Fax from Albany
June 18, 2004
Board Members, Affiliate Executive Directors, Interested Parties
Joseph A. Glazer, Esq., President/CEO
(518) 434-0439 ext. 20
Keeps on Ticking: There are only two session days left in this year’s
regular Legislative Session, and Timothy’s Law has moved its way
into the limelight.
are proceeding between the two houses at a fast and furious pace, and
both sides have expressed a desire to come to an agreement on Timothy’s
Law this year. The Assembly has already passed Timothy’s Law (A.8301/S.5329).
As was reported last week, the Senate has expressed an unwillingness to
pass Timothy’s Law (S.5329), and has instead introduced another
version of mental health parity (S.7296-a) that would exempt business
with 50 or fewer employees, cover a very limited number of illnesses,
and exclude parity based coverage for chemical dependency. One of the
numerous illnesses that the Senate bill (S.7296-a) excludes is Post-Traumatic
Stress Disorder (PTSD), which means that it would not cover survivors
of September 11, among others.
Tom O’Clair has declared that the Senate bill (S.7296-a) is not
Timothy’s Law, it was reported in last week’s Albany Times
Union that Senator Joseph Bruno was calling the Senate’s version
of the bill Timothy’s Law in a letter to his constituents (see article
below). When asked about this incident, his colleague, Senator Tom Libous,
the sponsor of both the new bill (S.7296-a) and Timothy’s Law (S.5329),
said, "In the generic, everyone is calling it Timothy's Law. It's
a mental health parity bill. Unfortunately, that is what happens when
you name laws after individuals."
last week’s article, it was reported by CapitolWire today
that Senate Majority Leader Joseph Bruno has identified Timothy’s
Law as among the many pieces of legislation that he would like to see
resolved. However, he went on to note that if negotiations do not result
in action, “…we're going to pass a number of these bills so
the constituency knows where we stand."
is evidenced by the O’Clair family’s refusal to identify S.7296-a
as Timothy’s Law and their comments in last week’s article,
it is clear that there is no ‘generic’ version of Timothy’s
Law, and advocates and the O’Clair’s continue to maintain
that Timothy’s Law is A.8301/ S.5329.
now need to send a message to Senator Bruno that we want him to pass Timothy’s
Law (S.5329), not a watered down version that does not cover 80% of New
Yorkers. Tom O’Clair has made it clear that the Senate’s current
stance on mental health parity is “a far cry from Timothy’s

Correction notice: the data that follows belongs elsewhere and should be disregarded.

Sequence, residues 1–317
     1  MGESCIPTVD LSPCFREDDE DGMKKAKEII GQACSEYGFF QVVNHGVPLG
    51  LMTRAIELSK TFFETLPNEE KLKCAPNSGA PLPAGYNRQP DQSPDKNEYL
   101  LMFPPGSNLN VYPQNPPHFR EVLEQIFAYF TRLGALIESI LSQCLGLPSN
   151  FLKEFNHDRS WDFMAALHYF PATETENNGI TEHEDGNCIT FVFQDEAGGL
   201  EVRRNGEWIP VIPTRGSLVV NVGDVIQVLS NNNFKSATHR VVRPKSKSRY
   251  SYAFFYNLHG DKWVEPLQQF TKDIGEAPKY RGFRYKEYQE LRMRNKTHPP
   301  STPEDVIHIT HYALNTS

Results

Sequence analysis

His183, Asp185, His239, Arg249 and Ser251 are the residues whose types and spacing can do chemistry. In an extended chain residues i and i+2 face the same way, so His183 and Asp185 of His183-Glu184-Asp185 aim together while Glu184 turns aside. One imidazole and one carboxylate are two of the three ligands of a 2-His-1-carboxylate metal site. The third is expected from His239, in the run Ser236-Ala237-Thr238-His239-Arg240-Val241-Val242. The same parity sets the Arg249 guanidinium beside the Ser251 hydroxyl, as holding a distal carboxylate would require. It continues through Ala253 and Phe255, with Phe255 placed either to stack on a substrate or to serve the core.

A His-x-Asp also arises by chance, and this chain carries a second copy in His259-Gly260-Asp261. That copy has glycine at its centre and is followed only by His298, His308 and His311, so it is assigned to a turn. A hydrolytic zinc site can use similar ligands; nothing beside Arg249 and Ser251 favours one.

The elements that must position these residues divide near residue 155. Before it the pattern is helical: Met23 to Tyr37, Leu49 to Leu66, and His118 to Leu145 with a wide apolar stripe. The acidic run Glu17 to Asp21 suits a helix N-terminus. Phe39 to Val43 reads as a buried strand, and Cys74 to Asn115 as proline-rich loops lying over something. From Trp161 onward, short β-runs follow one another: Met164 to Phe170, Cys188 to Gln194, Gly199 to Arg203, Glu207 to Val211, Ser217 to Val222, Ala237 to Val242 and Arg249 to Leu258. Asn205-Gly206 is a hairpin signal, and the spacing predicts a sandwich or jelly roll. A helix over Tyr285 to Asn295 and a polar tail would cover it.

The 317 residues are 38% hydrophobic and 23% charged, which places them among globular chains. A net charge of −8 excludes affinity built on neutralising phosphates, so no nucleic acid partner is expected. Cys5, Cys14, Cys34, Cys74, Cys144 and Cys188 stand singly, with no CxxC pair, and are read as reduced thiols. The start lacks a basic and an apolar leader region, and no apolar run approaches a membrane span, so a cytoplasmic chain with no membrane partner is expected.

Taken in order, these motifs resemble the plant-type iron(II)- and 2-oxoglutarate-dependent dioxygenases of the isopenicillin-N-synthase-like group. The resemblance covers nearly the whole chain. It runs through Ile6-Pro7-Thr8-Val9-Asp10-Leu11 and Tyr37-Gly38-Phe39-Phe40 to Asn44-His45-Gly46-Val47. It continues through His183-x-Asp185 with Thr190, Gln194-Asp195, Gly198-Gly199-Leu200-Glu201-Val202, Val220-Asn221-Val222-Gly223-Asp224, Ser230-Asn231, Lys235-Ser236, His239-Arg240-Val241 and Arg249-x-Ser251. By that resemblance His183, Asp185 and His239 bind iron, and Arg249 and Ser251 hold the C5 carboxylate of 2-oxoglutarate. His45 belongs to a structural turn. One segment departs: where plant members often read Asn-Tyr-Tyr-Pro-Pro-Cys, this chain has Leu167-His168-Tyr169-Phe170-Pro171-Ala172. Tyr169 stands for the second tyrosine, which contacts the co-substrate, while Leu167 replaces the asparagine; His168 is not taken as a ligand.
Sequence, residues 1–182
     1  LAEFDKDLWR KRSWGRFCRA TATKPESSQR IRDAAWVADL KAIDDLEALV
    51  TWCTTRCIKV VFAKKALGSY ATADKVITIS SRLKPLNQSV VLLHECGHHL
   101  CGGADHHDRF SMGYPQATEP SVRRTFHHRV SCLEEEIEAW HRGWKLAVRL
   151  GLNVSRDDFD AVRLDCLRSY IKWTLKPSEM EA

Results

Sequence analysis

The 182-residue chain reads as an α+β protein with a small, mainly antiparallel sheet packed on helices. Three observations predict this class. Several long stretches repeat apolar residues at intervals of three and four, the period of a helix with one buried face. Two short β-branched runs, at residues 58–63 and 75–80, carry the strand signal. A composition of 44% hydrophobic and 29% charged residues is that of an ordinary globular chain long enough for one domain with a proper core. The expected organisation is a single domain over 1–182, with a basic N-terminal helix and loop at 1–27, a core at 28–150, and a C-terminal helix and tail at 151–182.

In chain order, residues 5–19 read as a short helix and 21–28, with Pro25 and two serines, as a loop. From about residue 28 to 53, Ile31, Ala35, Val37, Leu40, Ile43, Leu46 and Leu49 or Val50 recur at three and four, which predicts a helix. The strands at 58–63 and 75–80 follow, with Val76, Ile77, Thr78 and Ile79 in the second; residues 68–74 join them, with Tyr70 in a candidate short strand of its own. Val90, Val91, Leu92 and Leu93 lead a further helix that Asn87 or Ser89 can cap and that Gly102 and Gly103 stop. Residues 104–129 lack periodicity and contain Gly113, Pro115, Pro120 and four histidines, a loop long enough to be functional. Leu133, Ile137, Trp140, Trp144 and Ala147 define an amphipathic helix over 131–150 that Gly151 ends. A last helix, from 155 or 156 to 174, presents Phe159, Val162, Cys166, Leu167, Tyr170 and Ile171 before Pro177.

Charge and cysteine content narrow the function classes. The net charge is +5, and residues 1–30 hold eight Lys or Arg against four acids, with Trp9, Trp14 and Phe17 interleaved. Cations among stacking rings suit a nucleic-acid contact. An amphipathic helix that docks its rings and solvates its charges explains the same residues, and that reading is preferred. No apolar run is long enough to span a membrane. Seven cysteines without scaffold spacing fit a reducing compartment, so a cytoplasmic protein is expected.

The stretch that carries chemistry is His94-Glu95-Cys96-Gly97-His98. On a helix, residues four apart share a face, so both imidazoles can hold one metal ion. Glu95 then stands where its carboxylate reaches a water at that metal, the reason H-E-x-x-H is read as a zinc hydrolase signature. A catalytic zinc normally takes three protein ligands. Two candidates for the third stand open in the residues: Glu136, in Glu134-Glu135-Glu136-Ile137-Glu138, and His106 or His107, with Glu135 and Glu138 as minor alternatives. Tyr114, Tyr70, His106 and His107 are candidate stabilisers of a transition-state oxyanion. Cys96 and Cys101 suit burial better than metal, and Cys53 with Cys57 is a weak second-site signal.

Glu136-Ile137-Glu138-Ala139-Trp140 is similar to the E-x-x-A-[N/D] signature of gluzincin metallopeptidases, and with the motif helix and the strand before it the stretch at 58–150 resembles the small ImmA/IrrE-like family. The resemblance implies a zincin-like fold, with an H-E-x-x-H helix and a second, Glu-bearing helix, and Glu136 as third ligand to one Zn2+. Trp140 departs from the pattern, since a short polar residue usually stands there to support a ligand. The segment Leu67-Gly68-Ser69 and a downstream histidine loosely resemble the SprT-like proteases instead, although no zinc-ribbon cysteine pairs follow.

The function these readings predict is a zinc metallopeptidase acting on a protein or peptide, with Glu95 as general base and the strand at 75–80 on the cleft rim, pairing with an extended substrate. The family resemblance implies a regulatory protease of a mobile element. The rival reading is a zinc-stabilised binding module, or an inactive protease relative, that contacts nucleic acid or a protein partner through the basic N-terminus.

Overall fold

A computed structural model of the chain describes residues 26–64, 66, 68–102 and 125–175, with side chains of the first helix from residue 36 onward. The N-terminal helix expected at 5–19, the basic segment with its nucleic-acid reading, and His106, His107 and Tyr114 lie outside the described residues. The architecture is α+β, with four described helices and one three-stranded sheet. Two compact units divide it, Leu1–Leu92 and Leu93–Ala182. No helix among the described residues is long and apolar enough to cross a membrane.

Law”, and after last week’s incident with the Senate choosing
to call their bill Timothy’s Law, it is more important than ever
that we send the message that they need to pass, S5329.
else is just smoke and mirrors.
- Call Senator Bruno’s office every day – (518) 455-3191
- Call Senator Libous’ office every day – (518) 455-2677
- Call your Senator every day using the Senate switchboard –
- E-mail these same Senators – http://www.mhanys.org/policy/advtlc.php
Demand that the Senate not come home
without passing Timothy’s Law!!
Please, Do it for Timothy…
Law' mailing criticized. By James M. Odato
Albany Times Union, June 11, 2004
Parents protest use of son's name in GOP letter touting Senate version
The parents of Timothy O'Clair say they're offended that state Senate
Republicans are using their son's name on a revised mental health bill
they don't support.
O'Clairs, who back an Assembly bill that would require insurers to pick
up costs of mental health and substance abuse treatments, objected Thursday
to letters sent out by Senate Republicans to constituents touting their
"Timothy's Law" legislation.
Majority Leader Joseph Bruno used the boy's name twice in a June 7 letter
to a Ballston Spa constituent. The letters say the Senate version "would
provide parity in insurance coverage for mental illnesses."
do not have my or my wife's blessing in referring to it as Timothy's Law,"
said Tom O'Clair, of Rotterdam. He said it appears Republicans are trying
to gain approval from their constituents.
and other advocates of the measure that was passed the last two years
in the Assembly do not consider the Senate version worthy of Timothy's
name. Under the Senate version, only "biologically based mental illnesses"
and children with attention deficit or disruptive behavior disorder would
have to be covered by employer health plans.
recipient Mary Jean Coleman, who is executive director of Samaritan Suicide
Prevention Center, was also upset.
was infuriated because not only does it refer to Timothy's Law, but as
a constituent ... if I was an average citizen, I would view it as Senator
Bruno putting out a letter to his constituents that the Senate is doing
some wonderful thing."
do not view this as Timothy's Law," she said, adding that she was
also distressed that the O'Clairs' last name was misspelled.